Help, Basics Of Backing

Topic 25656 | Page 1

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EllieMae's Comment
member avatar

Hey everyone!

I'm a few weeks in training and exactly 1 week away from when I'll be taking my CDL test. But I still can't seem to get a grasp of backing T_T It honestly just hasn't clicked for me yet and I'm wondering if it ever will. Learning what to do, how to control the trailer. I get it to a point but only because at this point in time its mostly all muscle memory. The rest is just doing what I think I should do and watching my trainer for small corrections.

I'll drive all day long, no problem. Backing is a different story. Backing in a straight line is a breeze. Even if my trailer starts drifting, I know what to do.

It's my offset and 90 degree angle I have problems will. My offset I'll get lucky on most of the time with a good set up. I'll set myself up good, get halway through but just freeze if my angle isn't enough or if it's too much.

My 90 is great if I have a perfect set up but if I have to fox a mistake, I'm at a loss. Even with my trainer there, if it happens the next go around, I'm unsure.

Anyway, my question is does anyone know of anything I can use or find to help understand backing a little bit more and how my trailer operates. We also practice backing on different sides, so for example my 90 degree might be backing up on the right and then on the left.

Either way, I'd appreciate any help. I've come to far to start losing my cool over backing! Lol

Thanks! Ellie.

CDL:

Commercial Driver's License (CDL)

A CDL is required to drive any of the following vehicles:

  • Any combination of vehicles with a gross combined weight rating (GCWR) of 26,001 or more pounds, providing the gross vehicle weight rating (GVWR) of the vehicle being towed is in excess of 10,000 pounds.
  • Any single vehicle with a GVWR of 26,001 or more pounds, or any such vehicle towing another not in excess of 10,000 pounds.
  • Any vehicle, regardless of size, designed to transport 16 or more persons, including the driver.
  • Any vehicle required by federal regulations to be placarded while transporting hazardous materials.
Army 's Comment
member avatar

Have you watched some youtube video's? There are many good ones, with overhead camera's. Also, I have been told that you can locate a small "toy" tractor and trailer, it will help you see how the trailer reacts..etc.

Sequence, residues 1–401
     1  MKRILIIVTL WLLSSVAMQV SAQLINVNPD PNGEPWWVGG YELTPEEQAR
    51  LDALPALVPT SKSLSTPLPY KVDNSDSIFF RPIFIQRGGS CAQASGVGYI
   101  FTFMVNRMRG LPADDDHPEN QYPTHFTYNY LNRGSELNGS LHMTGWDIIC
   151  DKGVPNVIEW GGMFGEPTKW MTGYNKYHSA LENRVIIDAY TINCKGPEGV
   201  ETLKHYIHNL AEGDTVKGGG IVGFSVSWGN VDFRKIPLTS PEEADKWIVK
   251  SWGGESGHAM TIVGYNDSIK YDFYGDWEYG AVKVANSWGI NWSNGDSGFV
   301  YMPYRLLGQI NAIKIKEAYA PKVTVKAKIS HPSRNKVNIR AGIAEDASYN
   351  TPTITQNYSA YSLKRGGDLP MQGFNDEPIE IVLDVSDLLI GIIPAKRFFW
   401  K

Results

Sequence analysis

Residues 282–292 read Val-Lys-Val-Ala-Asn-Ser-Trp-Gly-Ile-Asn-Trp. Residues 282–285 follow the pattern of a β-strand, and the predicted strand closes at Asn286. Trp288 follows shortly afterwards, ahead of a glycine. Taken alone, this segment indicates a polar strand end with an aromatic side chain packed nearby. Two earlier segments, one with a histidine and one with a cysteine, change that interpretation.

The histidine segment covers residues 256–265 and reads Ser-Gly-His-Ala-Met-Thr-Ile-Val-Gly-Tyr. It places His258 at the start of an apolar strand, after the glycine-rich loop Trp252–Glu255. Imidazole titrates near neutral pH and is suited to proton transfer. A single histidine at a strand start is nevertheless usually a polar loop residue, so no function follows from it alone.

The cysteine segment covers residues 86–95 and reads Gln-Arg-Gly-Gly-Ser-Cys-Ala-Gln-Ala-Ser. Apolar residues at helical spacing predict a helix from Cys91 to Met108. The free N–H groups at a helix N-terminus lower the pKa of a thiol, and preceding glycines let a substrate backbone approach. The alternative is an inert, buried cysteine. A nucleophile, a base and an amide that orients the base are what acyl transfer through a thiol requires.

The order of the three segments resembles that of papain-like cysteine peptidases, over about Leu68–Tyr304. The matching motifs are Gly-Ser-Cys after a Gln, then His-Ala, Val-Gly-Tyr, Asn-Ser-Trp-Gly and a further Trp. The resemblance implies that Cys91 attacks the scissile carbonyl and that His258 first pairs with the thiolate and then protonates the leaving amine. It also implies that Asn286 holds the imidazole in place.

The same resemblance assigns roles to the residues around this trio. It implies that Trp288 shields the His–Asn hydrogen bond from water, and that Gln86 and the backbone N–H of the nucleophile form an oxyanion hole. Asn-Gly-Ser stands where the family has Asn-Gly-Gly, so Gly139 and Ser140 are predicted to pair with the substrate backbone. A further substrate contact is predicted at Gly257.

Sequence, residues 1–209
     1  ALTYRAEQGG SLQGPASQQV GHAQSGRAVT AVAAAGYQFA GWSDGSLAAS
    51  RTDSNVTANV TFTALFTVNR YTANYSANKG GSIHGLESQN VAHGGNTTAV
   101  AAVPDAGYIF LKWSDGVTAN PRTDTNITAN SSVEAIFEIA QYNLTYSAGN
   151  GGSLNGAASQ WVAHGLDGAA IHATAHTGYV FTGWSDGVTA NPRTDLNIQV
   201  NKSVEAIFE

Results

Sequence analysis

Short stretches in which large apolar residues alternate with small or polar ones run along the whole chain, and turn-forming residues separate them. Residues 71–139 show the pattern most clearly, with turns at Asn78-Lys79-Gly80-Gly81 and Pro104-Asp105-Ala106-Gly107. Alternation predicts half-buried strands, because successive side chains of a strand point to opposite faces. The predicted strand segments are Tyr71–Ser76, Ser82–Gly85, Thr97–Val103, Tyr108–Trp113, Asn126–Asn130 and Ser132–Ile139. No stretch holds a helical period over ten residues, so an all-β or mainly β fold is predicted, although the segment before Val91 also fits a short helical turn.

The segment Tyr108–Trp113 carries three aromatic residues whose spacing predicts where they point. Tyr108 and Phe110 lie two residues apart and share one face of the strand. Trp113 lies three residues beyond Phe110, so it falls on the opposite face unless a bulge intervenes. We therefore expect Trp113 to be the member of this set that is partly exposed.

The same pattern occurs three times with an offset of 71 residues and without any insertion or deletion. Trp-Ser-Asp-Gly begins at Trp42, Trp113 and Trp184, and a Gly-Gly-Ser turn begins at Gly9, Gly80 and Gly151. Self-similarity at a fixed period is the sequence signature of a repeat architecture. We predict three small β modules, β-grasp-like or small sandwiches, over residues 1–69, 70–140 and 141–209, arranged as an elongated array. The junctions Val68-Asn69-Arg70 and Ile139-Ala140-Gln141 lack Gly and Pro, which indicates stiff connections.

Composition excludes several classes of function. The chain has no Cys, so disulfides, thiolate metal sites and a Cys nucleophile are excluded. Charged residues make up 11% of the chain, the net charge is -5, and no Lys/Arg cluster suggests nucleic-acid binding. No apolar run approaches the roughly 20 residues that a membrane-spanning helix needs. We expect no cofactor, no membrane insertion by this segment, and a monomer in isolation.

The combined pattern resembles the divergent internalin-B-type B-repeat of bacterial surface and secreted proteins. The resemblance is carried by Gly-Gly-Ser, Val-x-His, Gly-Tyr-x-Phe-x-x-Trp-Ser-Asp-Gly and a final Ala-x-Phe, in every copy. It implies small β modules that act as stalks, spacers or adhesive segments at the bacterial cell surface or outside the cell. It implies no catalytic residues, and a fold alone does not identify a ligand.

G-Town's Comment
member avatar

Here is an article from the Trucking Truth Blog Library...

Learning to Back a Truck

Lots of good stuff in the Blog.

So I agree with Army, toy semi is a great way to “see” on a smaller scale how the trailer responds.

In the grand scheme of things, practice is the only thing that will improve your backing...and a bit of patience. Also watch others as they back, you’ll learn a lot by observing.

Keep your chin up. Good luck!

Aubrey M.'s Comment
member avatar

Something that helped it click for me was making sure to keep room. Meaning, if you're doing a sight side 90, don't start turning to the right on pull-ups to fix it... Always go left, whether tight or loose on the hole until you are in the hole a solid 1/3-1/2 way. For a blindside, then always go right on pull up to fix. If you watch, when people get into a bind is when they are barely into the hole and keep trying to move straight in front of the hole by turning in the direction they want the front of the trailer to move while pulling up instead of pushing the front of the trailer while backing up. They run out of space and have to do a million pullups or can never fix it.

Also, when you do a pull up to fix being too tight or too loose, watch your trailer tail and tandems to see what they do. This helps to start seeing the angles better as far as the time and distance it takes for the trailer to respond.

Oh, and on setups with no guide lines, go farther forward than it feels like you need... Not sure if that will apply to you or not, but it helps me.

Tandems:

Tandem Axles

A set of axles spaced close together, legally defined as more than 40 and less than 96 inches apart by the USDOT. Drivers tend to refer to the tandem axles on their trailer as just "tandems". You might hear a driver say, "I'm 400 pounds overweight on my tandems", referring to his trailer tandems, not his tractor tandems. Tractor tandems are generally just referred to as "drives" which is short for "drive axles".

Tandem:

Tandem Axles

A set of axles spaced close together, legally defined as more than 40 and less than 96 inches apart by the USDOT. Drivers tend to refer to the tandem axles on their trailer as just "tandems". You might hear a driver say, "I'm 400 pounds overweight on my tandems", referring to his trailer tandems, not his tractor tandems. Tractor tandems are generally just referred to as "drives" which is short for "drive axles".

OOS:

When a violation by either a driver or company is confirmed, an out-of-service order removes either the driver or the vehicle from the roadway until the violation is corrected.

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